The NYSERDA Clean Energy Communities
program is flourishing in the North Country as more communities continue to receive and seek designation. Local governments in New York State can use the Clean Energy Communities program to implement clean energy actions, save energy costs, create jobs, and improve the environment. In addition to providing tools, resources, and technical assistance, the program recognizes and rewards leadership for the completion of clean energy projects.
Here’s a run-down of the latest communities tackling clean energy and climate issues in the North Country:
St. Lawrence County
St. Lawrence County is the most recent community to have completed four High Impact Energy Actions (HIAs) and has been named a Clean Energy Community by NYSERDA. Local governments must complete four of 10 High Impact Actions to earn a Clean Energy Community designation and qualify to apply for grant funding. At least two actions must have been completed after August 1, 2016. The County received the designation for completing the following high-impact clean energy actions:
- – Benchmarking – Adopted a policy to report the energy use of buildings
- – Clean Energy Upgrades – Achieved 10% reduction in greenhouse gas emissions from buildings
- – Clean Fleets – Purchased a plug-in hybrid and installed an electric vehicle charging station
- – Solarize – Managed a Solarize marketing campaign to encourage residents to install solar installations with more than 40 units installed countywide.
“It’s wonderful that we have been designated as a Clean Energy Community. We will continue to be mindful of our energy usage and will look for new ways to save energy and promote energy conservation,” said Legislator John Burke, Norfolk. Burke first introduced the idea of the county becoming a Clean Energy Community in 2016.
The designation gives the County an opportunity to apply for up to $250,000 toward additional clean energy projects, with no local cost share.
Village of Canton
The village of Canton was designated a Clean Energy Community earlier this year and has received a $100,000 grant from NYSERDA to install new energy-efficient blowers at its wastewater treatment plant.
“This funding came at a most opportune time,” Mayor Michael Dalton said. “The blower upgrade at the wastewater treatment facility is desperately needed. The existing equipment is failing and in need of frequent repair.” Canton received the designation for completing four of 10 high-impact clean-energy actions:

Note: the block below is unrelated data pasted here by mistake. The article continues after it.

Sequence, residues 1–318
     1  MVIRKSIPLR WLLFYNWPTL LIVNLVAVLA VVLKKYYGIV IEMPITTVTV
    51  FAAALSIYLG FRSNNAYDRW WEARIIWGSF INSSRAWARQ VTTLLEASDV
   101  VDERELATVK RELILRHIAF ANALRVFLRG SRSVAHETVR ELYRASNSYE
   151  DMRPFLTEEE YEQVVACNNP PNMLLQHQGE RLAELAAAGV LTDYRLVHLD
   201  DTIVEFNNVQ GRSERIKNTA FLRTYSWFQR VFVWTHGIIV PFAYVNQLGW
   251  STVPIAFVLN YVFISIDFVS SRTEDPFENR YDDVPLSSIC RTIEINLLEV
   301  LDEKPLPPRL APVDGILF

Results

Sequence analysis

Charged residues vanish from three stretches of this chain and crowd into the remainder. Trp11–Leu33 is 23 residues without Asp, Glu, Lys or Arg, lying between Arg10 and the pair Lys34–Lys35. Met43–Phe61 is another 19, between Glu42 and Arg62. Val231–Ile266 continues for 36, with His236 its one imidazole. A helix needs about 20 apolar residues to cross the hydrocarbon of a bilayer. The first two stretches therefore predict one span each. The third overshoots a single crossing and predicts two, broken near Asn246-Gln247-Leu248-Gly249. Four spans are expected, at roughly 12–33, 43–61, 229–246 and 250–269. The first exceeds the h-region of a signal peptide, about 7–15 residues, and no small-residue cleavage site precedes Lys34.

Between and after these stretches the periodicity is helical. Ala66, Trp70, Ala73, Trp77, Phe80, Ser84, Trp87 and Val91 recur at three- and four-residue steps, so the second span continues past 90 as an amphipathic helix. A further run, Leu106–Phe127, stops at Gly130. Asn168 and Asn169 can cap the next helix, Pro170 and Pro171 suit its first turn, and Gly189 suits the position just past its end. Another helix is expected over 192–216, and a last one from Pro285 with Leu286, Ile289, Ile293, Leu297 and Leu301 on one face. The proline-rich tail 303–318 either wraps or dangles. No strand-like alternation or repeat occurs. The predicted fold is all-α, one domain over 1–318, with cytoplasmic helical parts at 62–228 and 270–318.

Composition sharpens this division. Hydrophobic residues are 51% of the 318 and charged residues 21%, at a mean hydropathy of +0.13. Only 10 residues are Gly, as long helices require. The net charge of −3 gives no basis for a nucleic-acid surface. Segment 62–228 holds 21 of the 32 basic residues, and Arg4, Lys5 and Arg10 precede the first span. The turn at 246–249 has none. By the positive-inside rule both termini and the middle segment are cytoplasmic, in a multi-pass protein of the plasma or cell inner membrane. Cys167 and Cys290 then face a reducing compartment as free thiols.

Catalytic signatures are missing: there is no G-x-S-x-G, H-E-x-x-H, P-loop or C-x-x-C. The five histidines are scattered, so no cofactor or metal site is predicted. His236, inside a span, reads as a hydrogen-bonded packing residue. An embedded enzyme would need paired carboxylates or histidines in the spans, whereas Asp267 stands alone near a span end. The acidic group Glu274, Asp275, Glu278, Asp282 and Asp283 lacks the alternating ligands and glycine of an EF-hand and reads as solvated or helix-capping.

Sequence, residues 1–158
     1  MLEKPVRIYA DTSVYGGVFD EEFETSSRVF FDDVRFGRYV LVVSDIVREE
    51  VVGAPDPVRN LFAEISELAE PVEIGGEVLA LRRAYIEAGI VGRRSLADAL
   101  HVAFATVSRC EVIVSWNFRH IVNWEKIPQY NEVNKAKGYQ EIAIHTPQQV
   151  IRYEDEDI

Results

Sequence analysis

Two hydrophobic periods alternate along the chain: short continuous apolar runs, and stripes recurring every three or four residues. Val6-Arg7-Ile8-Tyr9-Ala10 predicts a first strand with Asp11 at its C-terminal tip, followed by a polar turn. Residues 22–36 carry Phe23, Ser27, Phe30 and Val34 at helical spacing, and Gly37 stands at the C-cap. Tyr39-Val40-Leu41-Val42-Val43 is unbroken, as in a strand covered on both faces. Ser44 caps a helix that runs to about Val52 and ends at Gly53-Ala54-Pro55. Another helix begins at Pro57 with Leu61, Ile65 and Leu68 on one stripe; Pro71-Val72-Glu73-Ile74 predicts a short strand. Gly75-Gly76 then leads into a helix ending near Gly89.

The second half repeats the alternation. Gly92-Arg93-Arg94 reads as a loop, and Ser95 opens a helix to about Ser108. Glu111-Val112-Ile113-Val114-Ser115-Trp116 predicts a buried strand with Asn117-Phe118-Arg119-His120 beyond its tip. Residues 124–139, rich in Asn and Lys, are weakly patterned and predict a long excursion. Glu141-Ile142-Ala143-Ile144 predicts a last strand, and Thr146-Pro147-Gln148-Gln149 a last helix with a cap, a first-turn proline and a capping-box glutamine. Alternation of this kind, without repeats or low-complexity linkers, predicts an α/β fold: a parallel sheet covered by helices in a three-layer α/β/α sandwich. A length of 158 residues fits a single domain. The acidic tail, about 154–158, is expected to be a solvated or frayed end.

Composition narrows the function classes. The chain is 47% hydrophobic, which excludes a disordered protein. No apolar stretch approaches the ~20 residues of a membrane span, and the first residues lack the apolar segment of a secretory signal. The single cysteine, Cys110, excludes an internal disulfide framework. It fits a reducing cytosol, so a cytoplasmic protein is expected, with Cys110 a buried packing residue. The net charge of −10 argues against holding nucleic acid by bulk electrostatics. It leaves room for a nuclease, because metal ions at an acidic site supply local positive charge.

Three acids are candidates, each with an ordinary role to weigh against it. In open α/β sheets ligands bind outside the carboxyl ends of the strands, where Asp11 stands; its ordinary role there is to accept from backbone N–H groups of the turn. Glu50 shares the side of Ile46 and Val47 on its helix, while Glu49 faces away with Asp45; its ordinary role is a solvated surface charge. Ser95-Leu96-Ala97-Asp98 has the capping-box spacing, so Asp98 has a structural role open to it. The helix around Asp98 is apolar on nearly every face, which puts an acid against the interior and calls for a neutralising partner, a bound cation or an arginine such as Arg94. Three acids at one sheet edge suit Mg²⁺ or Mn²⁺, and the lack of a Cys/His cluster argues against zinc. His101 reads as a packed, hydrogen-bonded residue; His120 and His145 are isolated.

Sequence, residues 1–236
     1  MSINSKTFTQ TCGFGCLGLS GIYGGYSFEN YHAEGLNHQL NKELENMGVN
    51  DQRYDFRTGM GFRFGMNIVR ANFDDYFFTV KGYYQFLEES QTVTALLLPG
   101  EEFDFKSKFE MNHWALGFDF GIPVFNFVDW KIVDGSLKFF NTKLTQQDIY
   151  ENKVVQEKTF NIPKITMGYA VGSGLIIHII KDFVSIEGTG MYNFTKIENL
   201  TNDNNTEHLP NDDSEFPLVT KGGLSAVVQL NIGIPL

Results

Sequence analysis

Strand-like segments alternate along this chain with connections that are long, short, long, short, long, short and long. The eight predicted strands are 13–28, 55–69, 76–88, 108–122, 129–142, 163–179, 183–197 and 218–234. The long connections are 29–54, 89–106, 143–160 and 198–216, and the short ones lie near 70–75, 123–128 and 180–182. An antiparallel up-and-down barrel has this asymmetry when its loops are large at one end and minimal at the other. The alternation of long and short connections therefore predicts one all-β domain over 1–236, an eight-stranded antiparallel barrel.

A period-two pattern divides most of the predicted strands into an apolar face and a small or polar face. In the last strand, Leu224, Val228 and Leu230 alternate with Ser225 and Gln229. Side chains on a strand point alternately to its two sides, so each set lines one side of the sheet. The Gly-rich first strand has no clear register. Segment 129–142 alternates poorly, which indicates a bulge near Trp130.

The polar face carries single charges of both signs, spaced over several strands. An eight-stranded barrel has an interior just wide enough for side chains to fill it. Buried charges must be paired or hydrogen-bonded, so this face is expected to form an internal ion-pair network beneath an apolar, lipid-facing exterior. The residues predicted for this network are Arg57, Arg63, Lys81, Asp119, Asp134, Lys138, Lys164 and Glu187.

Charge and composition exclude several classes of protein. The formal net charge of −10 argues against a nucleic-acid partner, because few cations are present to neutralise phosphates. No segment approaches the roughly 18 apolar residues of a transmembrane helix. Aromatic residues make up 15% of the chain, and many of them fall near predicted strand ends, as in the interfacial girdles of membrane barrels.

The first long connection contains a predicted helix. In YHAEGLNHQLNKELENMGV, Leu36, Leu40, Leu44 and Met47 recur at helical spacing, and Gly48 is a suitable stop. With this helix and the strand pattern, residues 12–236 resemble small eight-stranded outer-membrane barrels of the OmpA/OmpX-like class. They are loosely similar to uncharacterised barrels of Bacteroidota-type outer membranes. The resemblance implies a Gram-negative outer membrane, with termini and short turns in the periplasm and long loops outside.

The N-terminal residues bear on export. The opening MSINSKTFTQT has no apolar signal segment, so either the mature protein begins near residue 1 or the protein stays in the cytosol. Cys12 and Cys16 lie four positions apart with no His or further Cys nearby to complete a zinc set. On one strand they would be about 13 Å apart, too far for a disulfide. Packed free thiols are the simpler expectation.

- – Climate Smart Communities – The village and town boards passed resolutions to become a Climate Smart Community and progress is being made toward certification.
- – Energy Code Enforcement Training– Code enforcement and other municipal officers completed training on best practices in energy code enforcement.
- – Solarize – Canton’s Town and Village Sustainability Committee launched a successful Solarize campaign, resulting in close to 40 residential installations of solar panels.
- – Unified Solar Permit– The village adopted the state’s Unified Solar Permit, streamlining local approval processes for solar projects.
The village is also pursuing conversion to LED streetlights and benchmarking energy use in municipal buildings.
Town of Waddington
Lastly, the town of Waddington is awaiting Clean Energy Community designation from NYSERDA. The four high impact actions completed by the town were:
- – Benchmarking – Monitored energy use of local government buildings to find ways to lower it
- – Clean Fleets – Built an electrical charging station
- – LED Street Lights – Converted street lights to energy efficient LED technology
- – Unified Solar Permit – Adopted a standardized permit application designed to streamline the approval process for installing solar in the community.
As it awaits designation, the town has begun considering clean energy project ideas that meet grant funding guidelines under the Clean Energy Communities Program. One project idea is to improve the energy efficiency of older buildings such as the Town Hall and the library. It also hopes to expand on the 55-kilowatt solar array behind the town office.
Currently there are 28 remaining awards in the North Country region. NYSERDA manages an online dashboard
that provides regularly updated information on the number and amount of remaining grants in each region by community size. Communities in the North Country can email Jaime Rogers at for assistance navigating the program.